Magazine article Anglican Journal

(Bruce) Cockburn Prophet of Anger, Hope: `Evolution' to Christianity Chronicled in Latest Album

Magazine article Anglican Journal

(Bruce) Cockburn Prophet of Anger, Hope: `Evolution' to Christianity Chronicled in Latest Album

Article excerpt

Bruce Cockburn

The Charity of Night

True North/Ryko/MCA

WHILE SEVERAL artists have fit into the general scope of this column - an examination of contemporary music in light of Christian spirituality - few are as natural a fit as Canadian singer-songwriter Bruce Cockburn.

Cockburn is an oft-prophetic voice in a fallen world. In the midst of personal, political, and ideological evil, Cockburn has both expressed righteously jaundiced anger and affirmed membership in and hope for the human race. He sees humanity as the part of God's creation made in the image of God, redeemed by Christ's blood. As such, he sees the central Christian ethic to be to live according to the love of God.

Now 52 years old and 23 albums into his career, Cockburn is not part of the hit-making mainstream. His hits are, as he has put it, occasional "accidents." His new album, The Charity of Night, is more to be seen as an artistic statement, and it will be so received by his legion of fans. Cockburn has much to offer. Primarily, he is an amazing lyrical poet, who has been favourably and aptly compared to Wallace Stevens and T.S. Eliot. The lyrics, among other things, continue to chronicle an evolving Christian walk. Cockburn himself prefers the term "evolution" to Christianity rather than "conversion" to describe his journey.

The melodies, meanwhile, are not distracting. Rather, they are skeletons drawn into the craft of the wordsmith, serving as perfect vehicles for his inventive, tuneful, and virtuosic guitar playing and his hooking quaver of a voice. He sometimes delivers free-flowing lines whose blizzards of imagery just fit into a measure, and sometimes presents biting, staccato lines leaving spaces filled by economic but always intense accompaniment.

After the wide-eyed hippie folkie of the early '70s gave way to the growing Christian pilgrim as that decade evolved, Cockburn's life took a tumble when his marriage dissolved in the late '70s. From that personal and spiritual crisis, Cockburn spent his years on the backside of 30 exploring the brokenness of Central America. It profoundly metamorphosed his music. This is most vividly shown on what has been called his North/South trilogy of albums in the mid-'80s, and his prophetic voice continues to be the lifeblood of his craft.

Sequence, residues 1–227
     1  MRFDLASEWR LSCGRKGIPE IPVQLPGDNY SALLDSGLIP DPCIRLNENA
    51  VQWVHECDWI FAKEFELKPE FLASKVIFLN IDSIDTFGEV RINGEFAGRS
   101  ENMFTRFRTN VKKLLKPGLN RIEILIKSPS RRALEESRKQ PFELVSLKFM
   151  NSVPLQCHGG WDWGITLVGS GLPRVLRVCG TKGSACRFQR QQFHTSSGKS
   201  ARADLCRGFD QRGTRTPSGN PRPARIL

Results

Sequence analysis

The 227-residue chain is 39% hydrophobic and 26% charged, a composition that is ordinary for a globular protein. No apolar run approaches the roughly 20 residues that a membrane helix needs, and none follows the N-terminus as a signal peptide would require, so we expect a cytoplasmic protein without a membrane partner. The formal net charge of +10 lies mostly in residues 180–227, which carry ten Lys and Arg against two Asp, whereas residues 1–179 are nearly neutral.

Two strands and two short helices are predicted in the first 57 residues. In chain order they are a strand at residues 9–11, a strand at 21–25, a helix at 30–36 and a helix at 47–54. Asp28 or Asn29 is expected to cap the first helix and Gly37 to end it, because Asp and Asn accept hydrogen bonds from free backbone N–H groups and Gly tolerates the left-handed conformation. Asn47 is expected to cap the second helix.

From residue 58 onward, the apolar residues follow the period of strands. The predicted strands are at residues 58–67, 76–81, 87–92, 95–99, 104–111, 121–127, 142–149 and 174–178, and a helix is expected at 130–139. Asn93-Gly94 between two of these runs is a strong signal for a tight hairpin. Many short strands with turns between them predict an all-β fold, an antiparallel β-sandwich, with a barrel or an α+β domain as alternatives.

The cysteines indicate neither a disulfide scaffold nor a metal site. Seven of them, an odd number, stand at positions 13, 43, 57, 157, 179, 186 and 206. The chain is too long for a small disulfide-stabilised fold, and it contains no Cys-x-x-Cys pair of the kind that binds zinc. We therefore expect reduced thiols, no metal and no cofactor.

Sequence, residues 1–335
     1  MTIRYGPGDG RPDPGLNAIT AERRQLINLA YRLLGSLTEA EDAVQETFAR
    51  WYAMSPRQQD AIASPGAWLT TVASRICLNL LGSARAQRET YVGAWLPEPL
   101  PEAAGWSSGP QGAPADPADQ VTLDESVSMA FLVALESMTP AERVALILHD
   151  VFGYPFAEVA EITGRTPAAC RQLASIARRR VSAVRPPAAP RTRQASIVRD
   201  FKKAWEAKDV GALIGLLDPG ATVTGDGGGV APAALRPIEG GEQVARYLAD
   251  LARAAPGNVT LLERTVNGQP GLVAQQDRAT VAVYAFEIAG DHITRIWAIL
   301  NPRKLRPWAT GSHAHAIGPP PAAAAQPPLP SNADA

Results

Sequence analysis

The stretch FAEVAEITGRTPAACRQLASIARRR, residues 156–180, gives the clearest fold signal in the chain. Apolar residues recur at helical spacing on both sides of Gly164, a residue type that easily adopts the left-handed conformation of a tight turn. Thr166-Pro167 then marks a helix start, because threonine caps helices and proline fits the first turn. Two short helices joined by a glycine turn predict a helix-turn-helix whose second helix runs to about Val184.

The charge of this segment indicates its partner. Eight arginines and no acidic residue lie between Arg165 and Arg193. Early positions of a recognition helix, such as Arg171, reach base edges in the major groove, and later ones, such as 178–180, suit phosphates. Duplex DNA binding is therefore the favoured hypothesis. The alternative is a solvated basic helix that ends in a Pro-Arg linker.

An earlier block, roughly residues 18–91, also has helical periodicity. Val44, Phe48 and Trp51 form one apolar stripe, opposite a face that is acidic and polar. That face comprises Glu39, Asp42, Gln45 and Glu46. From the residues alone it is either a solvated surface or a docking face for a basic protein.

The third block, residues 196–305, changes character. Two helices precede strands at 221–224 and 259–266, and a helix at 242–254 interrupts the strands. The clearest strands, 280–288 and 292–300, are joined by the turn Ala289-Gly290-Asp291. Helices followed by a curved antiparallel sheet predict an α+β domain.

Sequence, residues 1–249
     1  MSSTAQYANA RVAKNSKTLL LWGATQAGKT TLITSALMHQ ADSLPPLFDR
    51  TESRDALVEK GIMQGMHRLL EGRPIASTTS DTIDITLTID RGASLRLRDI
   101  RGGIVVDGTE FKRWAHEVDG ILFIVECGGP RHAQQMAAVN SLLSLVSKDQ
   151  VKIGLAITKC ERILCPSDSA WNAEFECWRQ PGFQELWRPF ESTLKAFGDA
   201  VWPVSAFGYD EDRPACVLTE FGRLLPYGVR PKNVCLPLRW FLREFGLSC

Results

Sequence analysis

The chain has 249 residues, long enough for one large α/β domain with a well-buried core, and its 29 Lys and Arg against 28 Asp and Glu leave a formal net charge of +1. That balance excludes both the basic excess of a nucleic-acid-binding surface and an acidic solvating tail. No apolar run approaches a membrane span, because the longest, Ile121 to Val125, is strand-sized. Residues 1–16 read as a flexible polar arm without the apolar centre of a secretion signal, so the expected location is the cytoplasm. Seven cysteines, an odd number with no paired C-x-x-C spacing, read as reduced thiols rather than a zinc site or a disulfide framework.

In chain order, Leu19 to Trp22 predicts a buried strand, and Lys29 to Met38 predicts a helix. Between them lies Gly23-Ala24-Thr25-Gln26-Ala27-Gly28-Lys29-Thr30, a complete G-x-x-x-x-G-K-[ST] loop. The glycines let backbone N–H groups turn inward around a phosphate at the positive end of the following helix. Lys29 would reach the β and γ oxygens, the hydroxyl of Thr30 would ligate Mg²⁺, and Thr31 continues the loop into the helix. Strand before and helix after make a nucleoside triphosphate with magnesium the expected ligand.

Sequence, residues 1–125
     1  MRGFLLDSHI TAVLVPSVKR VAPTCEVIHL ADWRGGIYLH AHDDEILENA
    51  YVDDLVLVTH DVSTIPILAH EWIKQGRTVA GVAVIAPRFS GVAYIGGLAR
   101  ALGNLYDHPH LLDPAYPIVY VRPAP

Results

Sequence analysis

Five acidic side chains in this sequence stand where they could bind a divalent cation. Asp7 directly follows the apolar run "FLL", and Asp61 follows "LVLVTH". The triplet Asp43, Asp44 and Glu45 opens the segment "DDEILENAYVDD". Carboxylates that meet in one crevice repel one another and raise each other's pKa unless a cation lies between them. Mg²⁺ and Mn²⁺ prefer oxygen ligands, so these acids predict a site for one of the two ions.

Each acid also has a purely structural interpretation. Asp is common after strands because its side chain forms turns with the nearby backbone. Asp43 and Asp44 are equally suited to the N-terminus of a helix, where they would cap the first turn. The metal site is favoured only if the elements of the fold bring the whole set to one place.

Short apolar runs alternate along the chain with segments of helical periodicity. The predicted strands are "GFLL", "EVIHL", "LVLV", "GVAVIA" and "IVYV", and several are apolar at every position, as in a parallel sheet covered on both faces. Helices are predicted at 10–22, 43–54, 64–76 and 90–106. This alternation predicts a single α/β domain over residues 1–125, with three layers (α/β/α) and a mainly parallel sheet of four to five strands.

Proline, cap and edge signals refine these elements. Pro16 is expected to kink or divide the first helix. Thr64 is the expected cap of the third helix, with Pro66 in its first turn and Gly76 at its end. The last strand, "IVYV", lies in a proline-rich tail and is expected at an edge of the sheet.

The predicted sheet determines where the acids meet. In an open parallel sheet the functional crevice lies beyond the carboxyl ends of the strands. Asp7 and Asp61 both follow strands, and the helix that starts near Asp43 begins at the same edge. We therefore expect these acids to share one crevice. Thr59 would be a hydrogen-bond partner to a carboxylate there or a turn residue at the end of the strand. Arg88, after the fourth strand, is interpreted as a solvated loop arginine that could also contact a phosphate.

Musically, Cockburn has chosen a group of inventive, standard-bearing vets this time around -- stand-up bass master Rob Wasserman, vibraphone legend Gary Burton, and drummer's drummer Gary Craig. Cameo people do what they do well without attracting attention, such as Bonnie Raitt's slide work and Bob Weir's winsome ballad vocal harmonies that were their stock in trade before either became trendy.

The backers add exclamation points to Cockburn's lyrical tales while allowing the storyteller the primacy of his words.

Familiar territory is charted musically -- the minor chord midtempo grooves of Get Up Jonah and The Coming Rains, the jazzy late '70s/early '80s sound in Mistress of Storms, the spoken word stanza/jazzily tuneful chorus of Birmingham Shadows and The Charity of Night.

There was some thought that Cockburn had mellowed with his last album, Dart to The Heart. As the title suggests, love was the chief topic. With The Charity Of Night, however, there is a wider scope to another intensely-personal statement from a concerned citizen of the world God gave us.

To wit, The Mines of Mozambique is a razor-sharp indictment of the poison of land mines in the latter part of this millennium. Seven years after his first visit to the African country, Cockburn returned to Mozambique in 1995.

The album opener Night Train is another reflection by the long-time self-described grim traveller. A chilling snapshot of the human condition, it reminds us that "everyone's an island edged with sand" while using the train's musical and lyrical metaphor for a world where everybody seems to be looking for one means or another to escape:

And in the absence of a vision there are nightmares /

And in the absence of compassion there is cancer /

Whose banner flies over palaces and mean streets /

And the rhythm of the night train is a mantra. …

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